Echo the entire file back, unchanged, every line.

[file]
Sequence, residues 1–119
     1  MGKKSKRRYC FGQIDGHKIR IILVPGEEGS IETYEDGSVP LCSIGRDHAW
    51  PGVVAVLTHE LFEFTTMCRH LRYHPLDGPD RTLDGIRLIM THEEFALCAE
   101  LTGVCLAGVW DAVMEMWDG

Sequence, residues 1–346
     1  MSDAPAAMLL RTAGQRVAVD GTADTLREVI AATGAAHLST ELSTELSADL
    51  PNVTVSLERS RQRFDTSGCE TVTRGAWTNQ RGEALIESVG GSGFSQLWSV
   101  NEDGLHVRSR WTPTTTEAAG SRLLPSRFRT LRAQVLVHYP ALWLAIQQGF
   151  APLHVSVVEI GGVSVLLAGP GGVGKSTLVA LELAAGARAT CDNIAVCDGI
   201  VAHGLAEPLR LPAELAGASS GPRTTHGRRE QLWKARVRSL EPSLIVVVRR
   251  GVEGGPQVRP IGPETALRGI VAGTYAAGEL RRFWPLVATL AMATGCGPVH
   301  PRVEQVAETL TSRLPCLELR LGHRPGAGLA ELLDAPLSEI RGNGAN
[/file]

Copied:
Sequence, residues 1–119
     1  MGKKSKRRYC FGQIDGHKIR IILVPGEEGS IETYEDGSVP LCSIGRDHAW
    51  PGVVAVLTHE LFEFTTMCRH LRYHPLDGPD RTLDGIRLIM THEEFALCAE
   101  LTGVCLAGVW DAVMEMWDG

Sequence, residues 1–346
     1  MSDAPAAMLL RTAGQRVAVD GTADTLREVI AATGAAHLST ELSTELSADL
    51  PNVTVSLERS RQRFDTSGCE TVTRGAWTNQ RGEALIESVG GSGFSQLWSV
   101  NEDGLHVRSR WTPTTTEAAG SRLLPSRFRT LRAQVLVHYP ALWLAIQQGF
   151  APLHVSVVEI GGVSVLLAGP GGVGKSTLVA LELAAGARAT CDNIAVCDGI
   201  VAHGLAEPLR LPAELAGASS GPRTTHGRRE QLWKARVRSL EPSLIVVVRR
   251  GVEGGPQVRP IGPETALRGI VAGTYAAGEL RRFWPLVATL AMATGCGPVH
   301  PRVEQVAETL TSRLPCLELR LGHRPGAGLA ELLDAPLSEI RGNGAN